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I am conducting a study with a large population-based sample. We have measurements at two time-points spaced 8 years apart. I want to see if a variable at time 1 predicts changes in the DV over time. I have a set of covariates (both time-invariant and varying, e.g., race, age, gender). For our second aim, I am also looking at whether another time 1 variable moderates the association between the IV and DV. Because this is a population-based cohort study with missing data, we incorporate sampling weights into the analyses.

I conducted mixed models where I nested scores on the DV within the individual. Participant ID is a random effect and because we only have two measurements, time is a fixed effect. One of my co-authors is concerned that mixed models aren't appropriate for longitudinal designs with only two measurements. I also conducted linear regressions to see if there were differences in results between the two approaches. For these, I looked at whether the time 1 variable predicted the DV at time 2, adjusting for the DV at time 1. Generally, more of the effects were significant and larger with LMMs.

I can't find any guidance online that suggests you can't use mixed models for longitudinal data with two time points. Can anyone point me in the direction of literature I can read on this issue? Or, can anyone weigh in on whether LMMs make sense here or if I should just use regression? I have conducted LMMs before with clinical trial data, but these all had 3 measurements.

Thank you!

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  • $\begingroup$ Is there are reason why you aren't just defining the outcome as the difference between post and pre DV scores? $\endgroup$ Nov 15, 2022 at 15:58
  • $\begingroup$ I suppose I wasn't sure how reliable a simple change score would be. I certainly can run them that way-I know sometimes we use the residualized change vs. just post-pre. Do you have a suggestion on which is better? $\endgroup$ Nov 15, 2022 at 16:06

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The classic and most accepted analysis of this type of data is the ANCOVA model where you fit

$$ E[Y_{t_2} | Y_{t_1}, X_{t_1} ] = \alpha + \beta Y_{t_1} + \gamma X_{t_1}$$

That is $Y_{t_2}$ is the response at follow-up, and $Y_{t_1}$ is the baseline assessment of response, and $X_{t_1}$ is the covariate of interest. For instance, in a randomized study of a novel TK2 inhibitor for psoriasis, the psoriasis area severity index (PASI) might be the response. The baseline PASI is an adjustment variable, and the randomization allocation is the $X_{t_1}$.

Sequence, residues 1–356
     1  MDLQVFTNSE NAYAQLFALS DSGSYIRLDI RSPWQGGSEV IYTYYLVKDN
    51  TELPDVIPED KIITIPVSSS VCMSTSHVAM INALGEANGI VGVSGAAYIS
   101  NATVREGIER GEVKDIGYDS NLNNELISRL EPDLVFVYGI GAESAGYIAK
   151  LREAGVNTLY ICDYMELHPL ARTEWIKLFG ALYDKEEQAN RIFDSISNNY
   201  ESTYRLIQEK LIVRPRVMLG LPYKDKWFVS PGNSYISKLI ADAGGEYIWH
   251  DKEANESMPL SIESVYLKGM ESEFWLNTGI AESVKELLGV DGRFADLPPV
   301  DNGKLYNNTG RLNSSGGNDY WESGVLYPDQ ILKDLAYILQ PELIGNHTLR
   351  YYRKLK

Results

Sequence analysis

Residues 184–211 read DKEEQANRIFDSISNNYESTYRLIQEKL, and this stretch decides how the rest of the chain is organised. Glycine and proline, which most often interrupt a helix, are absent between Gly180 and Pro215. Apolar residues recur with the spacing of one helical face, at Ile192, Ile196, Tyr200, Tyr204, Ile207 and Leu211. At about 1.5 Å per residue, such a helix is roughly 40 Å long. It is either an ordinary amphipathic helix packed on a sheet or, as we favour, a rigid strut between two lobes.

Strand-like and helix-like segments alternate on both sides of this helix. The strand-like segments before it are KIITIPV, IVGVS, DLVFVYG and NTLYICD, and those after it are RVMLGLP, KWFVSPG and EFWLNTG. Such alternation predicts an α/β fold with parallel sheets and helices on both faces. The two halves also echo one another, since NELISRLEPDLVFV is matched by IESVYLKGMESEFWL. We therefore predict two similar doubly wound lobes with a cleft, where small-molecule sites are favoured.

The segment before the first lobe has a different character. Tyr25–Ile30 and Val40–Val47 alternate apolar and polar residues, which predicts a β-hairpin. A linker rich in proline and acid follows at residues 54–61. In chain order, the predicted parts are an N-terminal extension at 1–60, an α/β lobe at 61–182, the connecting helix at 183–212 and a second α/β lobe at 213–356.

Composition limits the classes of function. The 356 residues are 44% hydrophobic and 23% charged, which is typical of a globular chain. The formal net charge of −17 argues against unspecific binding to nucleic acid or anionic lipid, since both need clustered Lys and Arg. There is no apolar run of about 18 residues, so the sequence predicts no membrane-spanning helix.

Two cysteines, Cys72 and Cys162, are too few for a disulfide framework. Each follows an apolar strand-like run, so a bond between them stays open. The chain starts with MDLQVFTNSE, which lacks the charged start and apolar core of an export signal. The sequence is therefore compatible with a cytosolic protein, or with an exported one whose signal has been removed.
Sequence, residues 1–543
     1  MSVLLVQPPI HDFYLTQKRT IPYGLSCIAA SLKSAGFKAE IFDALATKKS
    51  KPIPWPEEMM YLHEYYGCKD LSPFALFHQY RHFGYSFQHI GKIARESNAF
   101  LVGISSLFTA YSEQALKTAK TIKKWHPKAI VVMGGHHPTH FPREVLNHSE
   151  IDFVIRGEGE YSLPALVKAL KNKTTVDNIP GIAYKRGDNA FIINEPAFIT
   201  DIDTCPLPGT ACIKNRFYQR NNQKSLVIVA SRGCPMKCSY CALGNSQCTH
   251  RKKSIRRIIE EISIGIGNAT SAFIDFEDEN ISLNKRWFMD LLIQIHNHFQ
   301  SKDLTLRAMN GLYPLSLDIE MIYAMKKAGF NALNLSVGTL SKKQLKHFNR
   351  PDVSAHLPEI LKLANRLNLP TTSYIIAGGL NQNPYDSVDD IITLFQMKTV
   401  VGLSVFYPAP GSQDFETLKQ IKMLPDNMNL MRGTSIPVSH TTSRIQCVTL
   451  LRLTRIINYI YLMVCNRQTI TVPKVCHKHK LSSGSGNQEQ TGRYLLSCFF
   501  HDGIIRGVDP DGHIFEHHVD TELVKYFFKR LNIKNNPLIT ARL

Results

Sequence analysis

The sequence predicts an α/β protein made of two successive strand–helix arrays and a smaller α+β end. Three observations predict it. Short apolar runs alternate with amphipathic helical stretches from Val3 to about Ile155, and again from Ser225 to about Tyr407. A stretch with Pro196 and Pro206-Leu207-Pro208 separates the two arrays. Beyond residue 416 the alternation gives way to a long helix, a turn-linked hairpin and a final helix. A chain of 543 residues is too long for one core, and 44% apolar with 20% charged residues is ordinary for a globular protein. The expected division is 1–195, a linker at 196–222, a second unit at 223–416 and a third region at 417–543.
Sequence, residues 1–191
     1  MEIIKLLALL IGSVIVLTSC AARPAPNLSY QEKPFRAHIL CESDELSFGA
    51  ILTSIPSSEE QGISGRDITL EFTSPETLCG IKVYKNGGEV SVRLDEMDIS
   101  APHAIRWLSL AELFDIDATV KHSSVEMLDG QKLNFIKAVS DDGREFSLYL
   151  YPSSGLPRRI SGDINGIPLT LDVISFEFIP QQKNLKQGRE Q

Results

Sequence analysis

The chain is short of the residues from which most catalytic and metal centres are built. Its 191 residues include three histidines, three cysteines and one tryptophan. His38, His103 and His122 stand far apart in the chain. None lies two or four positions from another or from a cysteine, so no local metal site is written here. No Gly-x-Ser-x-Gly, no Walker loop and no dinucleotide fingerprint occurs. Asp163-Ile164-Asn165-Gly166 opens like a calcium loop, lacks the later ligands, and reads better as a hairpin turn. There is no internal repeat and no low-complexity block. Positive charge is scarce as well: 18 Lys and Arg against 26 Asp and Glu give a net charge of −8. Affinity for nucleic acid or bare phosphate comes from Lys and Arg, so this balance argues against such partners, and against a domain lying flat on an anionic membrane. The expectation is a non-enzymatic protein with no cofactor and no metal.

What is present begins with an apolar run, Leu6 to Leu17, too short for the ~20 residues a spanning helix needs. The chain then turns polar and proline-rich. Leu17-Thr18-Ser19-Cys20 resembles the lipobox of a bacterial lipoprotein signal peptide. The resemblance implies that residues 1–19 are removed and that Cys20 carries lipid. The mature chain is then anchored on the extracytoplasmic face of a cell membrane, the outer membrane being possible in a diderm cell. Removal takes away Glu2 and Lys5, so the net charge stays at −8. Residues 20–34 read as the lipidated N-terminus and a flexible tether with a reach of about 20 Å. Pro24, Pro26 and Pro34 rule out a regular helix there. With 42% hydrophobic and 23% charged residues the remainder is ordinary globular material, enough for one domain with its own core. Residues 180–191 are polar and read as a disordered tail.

Formulated this way, the observations are mutually independent and models for independent data (i.e. linear regression) may be used. This is also the natural extension of the paired T test to allow covariate adjustment.

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One alternative approach that I like with two time points when the topic of interest is the change between time points is latent difference score model (also known as latent change score model), where you can model change t1->t2 as a latent "entity".

See, for instance, https://www.frontiersin.org/articles/10.3389/fpsyg.2021.696419/full

You can easily (well, there's a bit of coding) do this in R lavaan. You can have your model estimate the regression coefficient of your T1 variable predicting the latent change variable to investigate whether it is related to change.

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    $\begingroup$ Oooh this is intriguing, I am unfamiliar with these models. Thanks for linking that paper, I will read up on this! $\endgroup$ Nov 16, 2022 at 14:51
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Same issues as his. I found two time points measurements not suited to the linear mixed model as your coauthor concerned. There are at least 3 measurements for each person, but it allows some missing data in your measurements. Hope this is helpful.

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  • $\begingroup$ Hi Simon110 and Welcome to CrossValidated! Your answer could be potentially useful but needs some further details. Could elaborate further on I found two time points measurements not suited to the linear mixed model as your coauthor concerned ? $\endgroup$
    – utobi
    Jan 6, 2023 at 9:36
  • $\begingroup$ Great question! Two time points aren't enough for a random intercept. Actually, a random effect is essentially applying a probability distribution to the given variable. That means you should make a reasonable prediction about other time points that were not in this study. So it has to need at least three time points to fit such a model. $\endgroup$
    – Simon110
    Jan 6, 2023 at 15:05
  • $\begingroup$ Please add all the relevant details directly to your post as comments may get removed. $\endgroup$
    – utobi
    Jan 6, 2023 at 15:08

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